—Marv Hoffman, Associate Director
“The dynamic opportunities for learning and teaching going on in the university and district partnerships are just the kinds of innovations teacher education programs need. The opportunities to enact a praxis cycle of theory and practice push teacher candidates to make sense of what they’re learning in ways that will clearly help them to become great urban teachers.”
—Bill Kennedy, Urban Teacher Education Program
“It is incredibly exciting to witness the partnership work and to see the impact of Clark/Adam/Hiatt work on the school . . . . The work you’ve shared with us is such a great model and inspiration for all of us.”
—Kathy Schultz, Dean of Education
“…thank you for hosting the Urban Teacher Educators Network meeting…those two days were the most productive for me as a university-based teacher educator as any I have spent in my 17 years as a professor of teacher education. Our discussions…were stimulated by the Rounds you hosted…I had the most nuanced and deep discussions about teaching and learning that I have ever had in over 32 years as an educator.”
—Dr. Celia Oyler, Director, Programs in Inclusive Education
“the Clark visit was an exceptional occasion for good learning and stimulating dialogue…Participating in ‘Rounds’ at the Hiatt Elementary school, and having ‘meta-conversations’ about Rounds, both at the school and back on campus, was particularly rewarding. This practice that you’ve established is clearly a powerful intervention in the cultures of teaching and learning to teach.”
—Dirck Roosevelt Director, Master of Arts in Teaching
“Our visit to Clark University was inspiring. The faculty is enthusiastic and our time in the schools gave us many ideas for developing school partnerships at our university.”
—Dr. Madge Thombs, Associate Professor
“I’m very impressed with Clark’s PDS model. It truly bridges the theory and practice of teaching through in-depth collaboration between the Clark’s teacher preparation program and local K-12 schools. The full support from the university administration is essential for the program’s success.”
—Dr. Li-Ling Yang, Assistant Professor
“I am impressed by the commitment to urban schools that is evidenced in Clark’s program. We know immersion in school settings work, and Clark is model for this important component of teacher training.”
—Dr. Kerri Ullucci, Assistant Professor
“The level of meaningful integration within and between urban public schools and Clark University is nothing short of astounding. Our visit to Clark’s PDS partnerships was more a powerful and inspiring learning experience than several days I spent at a national PDS conference!”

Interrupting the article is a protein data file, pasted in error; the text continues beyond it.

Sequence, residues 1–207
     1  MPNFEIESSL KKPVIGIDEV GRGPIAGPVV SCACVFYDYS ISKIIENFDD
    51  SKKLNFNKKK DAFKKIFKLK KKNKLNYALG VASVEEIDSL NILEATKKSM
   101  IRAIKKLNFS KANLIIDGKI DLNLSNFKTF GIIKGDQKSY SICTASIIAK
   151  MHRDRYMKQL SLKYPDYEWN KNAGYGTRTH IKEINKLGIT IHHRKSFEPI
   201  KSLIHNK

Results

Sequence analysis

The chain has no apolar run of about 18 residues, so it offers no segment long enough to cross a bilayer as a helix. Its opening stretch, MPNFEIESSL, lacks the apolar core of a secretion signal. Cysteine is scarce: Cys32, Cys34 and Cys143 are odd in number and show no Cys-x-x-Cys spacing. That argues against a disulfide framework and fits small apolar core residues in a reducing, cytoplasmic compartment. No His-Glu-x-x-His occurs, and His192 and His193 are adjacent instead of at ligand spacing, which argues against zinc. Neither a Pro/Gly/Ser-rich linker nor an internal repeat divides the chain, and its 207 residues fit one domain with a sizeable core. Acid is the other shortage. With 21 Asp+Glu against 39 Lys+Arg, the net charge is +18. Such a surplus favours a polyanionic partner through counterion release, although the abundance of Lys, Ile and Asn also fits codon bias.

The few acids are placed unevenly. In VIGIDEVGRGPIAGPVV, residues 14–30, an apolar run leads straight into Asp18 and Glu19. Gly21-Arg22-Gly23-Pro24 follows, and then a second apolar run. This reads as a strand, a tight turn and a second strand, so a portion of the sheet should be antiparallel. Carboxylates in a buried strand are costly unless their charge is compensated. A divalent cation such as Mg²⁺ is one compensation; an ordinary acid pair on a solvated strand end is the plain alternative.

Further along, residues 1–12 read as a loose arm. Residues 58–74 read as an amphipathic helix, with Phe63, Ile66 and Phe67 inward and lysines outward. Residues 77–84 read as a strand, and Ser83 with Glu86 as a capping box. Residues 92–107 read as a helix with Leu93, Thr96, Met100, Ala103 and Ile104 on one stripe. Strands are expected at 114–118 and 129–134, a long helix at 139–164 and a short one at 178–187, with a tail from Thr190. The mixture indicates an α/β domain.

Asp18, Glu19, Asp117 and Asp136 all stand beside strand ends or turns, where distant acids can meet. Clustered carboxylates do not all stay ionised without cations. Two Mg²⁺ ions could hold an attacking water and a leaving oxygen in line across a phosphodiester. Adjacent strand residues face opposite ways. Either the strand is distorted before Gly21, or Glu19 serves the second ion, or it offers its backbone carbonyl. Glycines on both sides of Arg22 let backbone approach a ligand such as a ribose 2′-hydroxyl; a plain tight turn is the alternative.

—Dr. Kelly Donnell, Assistant Professor
“I have been reflecting on our visit and the kindness and generosity that you and your colleagues displayed to us. The story of your relationship with the neighborhood and its schools was fascinating. Seeing and experiencing the results of that partnership were more than enriching to me. It helped to put some reality into a future we have been trying to imagine. The relationships displayed in the classroom and with staff and students at the University Park Campus School were so impressive—there were none of the distinctions I thought would be there between the university’s presence and the school, or between university faculty and school faculty. I know that part of that is about the passage of time, but most of it was about the relationships and trust you have built.”
“Thank you again for allowing us to visit and to see that change is not only possible, it is absolutely necessary.”
— Sue Pearlmutter, PhD., Dean and Professor
“I visited you when I was at Teachers College for a sabbatical stay…[and] participated in your round practice and I was impressed. Now I am back in Turkey…this term we are going to introduce [the] rounds model to our pre-service teachers in their teaching practice course.”
— Associate Professor and Vice Dean Dr. Fatma Bikmaz
Selected Report and Publication Citations
Identifies strong partnerships, synthesizes lessons learned and implementation strategies, and includes a series of tools and artifacts directly from the field. The Clark Adam Institute partnership is one of the featured examples.
Team up for 21st century teaching and learning: What research and practice reveal about professional learning. National Commission on Teaching and America’s Future.
The rounds were fascinating. I was at the elementary level and what was so fascinating there was the quality of conversation among the teachers, master’s students, and among the kids.
Metropolitan Center for Research on Equity and the Transformation of Schools
The teacher round that I attended was terrific. The Clark student was open and seemed interested in all observations. … I was very impressed by the amount of time the MAT students were able to be in schools as learners.
Brandeis, Michigan State
The sign of an authentic, organic, and thoughtful partnership between a school and a university is the multi-vocal narrative of their work together!
Associate Professor, Secondary and Special Education
Montclair State University
After reading Tom Del Prete’s Book on Teacher Rounds (2013) I decided to complete my PHD on what happened when teachers participated in Teacher Rounds. As part of my research I visited Clark University to see Rounds in action in local schools. What I found was inspiring. I realized that this was a new and innovative way for teachers to learn from each other…
The Clark Teacher Rounds Model is very effective and impressive! I’ve completed my dissertation on this model in Turkey, and concluded that it made significant contributions to the development of the professional skills of teachers and teacher candidates. I’ve come to Clark as a postdoctoral researcher to learn about how this model is used in prospective teacher education.
Adam Institute for Urban Teaching and School Practice
Jonas Clark Hall
950 Main Street
Worcester, MA 01610